Debunking the most common old wives’ tales
Vauxhall’s executive challenger to the Ford Granada is, by comparison, a barely remembered model. Launched in the autumn of 1978, as Vauxhall’s design independence was being wound down, it’s usually assumed to be nothing more than a re-badged Opel Rekord imported from Germany.
1 AS A JAG RIVAL IT WAS A NON-STARTER
Vauxhall boss Bob Price had originally intended to produce a range-topping car that would tempt Jaguar drivers, with schemes that ranged from a righthand drive Cadillac Seville to a limousine based on the ageing FE Victor and designed by Panther. Costs soon put paid to such grand schemes from Luton.
2 SIMPLY A REBADGED OPEL REKORD
Bob Price was still allowed, however, to take the Opel Rekord and give it quite a lot of uniquely British Vauxhall character. The design department, headed by Wayne Cherry, gave the car a ‘droop-snoot’ nose, a distinctive rear end and also created a unique dashboard while re-using Opel instruments. There was one engine choice (a 2.0-litre), one trim level, and saloon or estate bodywork only.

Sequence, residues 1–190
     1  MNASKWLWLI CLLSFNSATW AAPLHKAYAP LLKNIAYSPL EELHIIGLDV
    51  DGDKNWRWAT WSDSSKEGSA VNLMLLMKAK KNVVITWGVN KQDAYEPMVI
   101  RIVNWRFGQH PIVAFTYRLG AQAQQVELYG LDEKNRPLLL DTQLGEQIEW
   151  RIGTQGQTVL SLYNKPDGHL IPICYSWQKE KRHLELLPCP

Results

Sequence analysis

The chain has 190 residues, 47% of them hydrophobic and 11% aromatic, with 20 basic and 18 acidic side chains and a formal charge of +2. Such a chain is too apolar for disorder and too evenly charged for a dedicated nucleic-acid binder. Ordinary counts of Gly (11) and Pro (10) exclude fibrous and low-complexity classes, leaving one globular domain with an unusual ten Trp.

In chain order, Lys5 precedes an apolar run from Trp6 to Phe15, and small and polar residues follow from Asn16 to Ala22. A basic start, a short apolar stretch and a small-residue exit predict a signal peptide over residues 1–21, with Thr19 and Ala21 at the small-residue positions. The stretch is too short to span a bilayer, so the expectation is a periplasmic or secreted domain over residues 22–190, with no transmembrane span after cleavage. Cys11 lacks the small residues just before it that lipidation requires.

3 STRAIGHT IMPORT FROM IN GERMANY
The MkI certainly was a Britishbuilt car at first, coming off the line at Luton alongside the Cavalier. Yet from late 1979, cars also started to be sourced from Antwerp, Belgium. It was never a massive seller, partly because the heavy steering had no power option, the interior was drab, and the hotel-like name was odd. The final Carlton was built at Luton in July 1982, and henceforth all cars really were total Opel clones.
Shovel-nose style was penned in UK.